Matt and Scott address accessory lifts and how they fit into a well-designed training program. As Matt says, supplemental lifts — which he first discussed in Episode 21 — are variants that closely resemble the main lifts, while accessory lifts are lighter, less stressful (but still complex multi-joint) movements that allow more advanced lifters to add small increments of stress. It goes without saying, then, that accessories become useful when more volume with the main lifts or supplemental lifts would be too stressful to recover from, yet additional volume is needed to drive progress.
As Scott expounds, accessory movements are useful because they work the antagonistmuscle groups to the main lifts. For example, in a bench press the pecs are the primary movers (agonists) while the biceps and lats are the antagonists. Thus, a barbell row would be an accessory movement.
Some Examples of Supplemental Lifts
- Tempo squat
- High bar squat
- Box Squat
- Safety Bar Squat
- Chains/bands Squats
- Pin Presses / Press Lockouts
- Seated Press
- Strict Press
- Axle Press
- Close Grip
- Wide Grip
- Floor Press
- Board Press
- Paused Bench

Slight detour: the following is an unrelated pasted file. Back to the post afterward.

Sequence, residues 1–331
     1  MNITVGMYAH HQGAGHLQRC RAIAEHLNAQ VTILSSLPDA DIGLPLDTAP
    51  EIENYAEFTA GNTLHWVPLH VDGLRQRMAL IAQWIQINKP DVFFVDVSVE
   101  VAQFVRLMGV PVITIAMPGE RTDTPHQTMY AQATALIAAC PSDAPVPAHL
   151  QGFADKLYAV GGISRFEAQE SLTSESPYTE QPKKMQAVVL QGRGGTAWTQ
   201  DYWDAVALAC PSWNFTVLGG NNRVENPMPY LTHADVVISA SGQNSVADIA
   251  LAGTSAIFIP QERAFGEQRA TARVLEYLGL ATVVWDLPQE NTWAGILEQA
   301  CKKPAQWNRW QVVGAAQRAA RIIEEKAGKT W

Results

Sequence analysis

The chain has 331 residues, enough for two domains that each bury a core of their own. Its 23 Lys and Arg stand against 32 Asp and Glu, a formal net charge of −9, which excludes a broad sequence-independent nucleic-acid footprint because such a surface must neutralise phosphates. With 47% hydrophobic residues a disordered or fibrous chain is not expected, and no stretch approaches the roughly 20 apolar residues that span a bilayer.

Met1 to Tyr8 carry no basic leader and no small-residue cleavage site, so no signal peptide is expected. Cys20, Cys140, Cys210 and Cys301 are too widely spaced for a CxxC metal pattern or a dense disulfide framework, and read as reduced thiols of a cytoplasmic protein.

- Rack Pulls
- Isometric-isotonic deadlifts (a la Bill Starr – see Starr’s article on these lifts on the Starting Strength site)
- Barbell Row– pronated or supinated. Matt recommends a pronated grip when doing very heavy barbell rows. A good goal is to try to get your row equal to your bench press.
- Dips– weighted or not. Although dips could also be considered a supplemental lift since they do resemble a decline bench press. Starr recommended training dips very heavy once per week and light another slot per week.
- Chin-ups– and its sister the pull-up (performed with any grip variation).
- Lying Tricep Extensions– since the triceps control both elbow and humerus extension, LTEs are a useful accessory for the press.
- Straight bar curls – or use the EZ bar if you’re struggling with biceps tendonitis. Curls are also useful accessories for the chin-up, particularly for bigger guys who struggle with doing a lot of chin-up volume.
- Barbell Rows also provide some additional work for the upper back.
Note that we don’t discuss many accessories for the lower body lifts. The lower body musculature is larger and stronger, and responds more robustly to the main and supplemental lifts. Thus, most people won’t require accessory movements for the lower body.
Matt and Scott recommend adding accessories when a trainee moves into a 4-day split model, adding in one lat movement, one bicep movement, and one tricep movement each week. Remember these are accessory movements, so they are only used to add a little extra volume without adding huge amounts of stress and impact on the joints.
When adding any movement, we must consider training economy. We don’t do exercises for the sake of doing them, we do them because they fit logically into our model for training advancement. In fact, most trainees will only need to perform chin-ups (often called the fifth main lift) and barbell rows (the sixth lift) during their training career.
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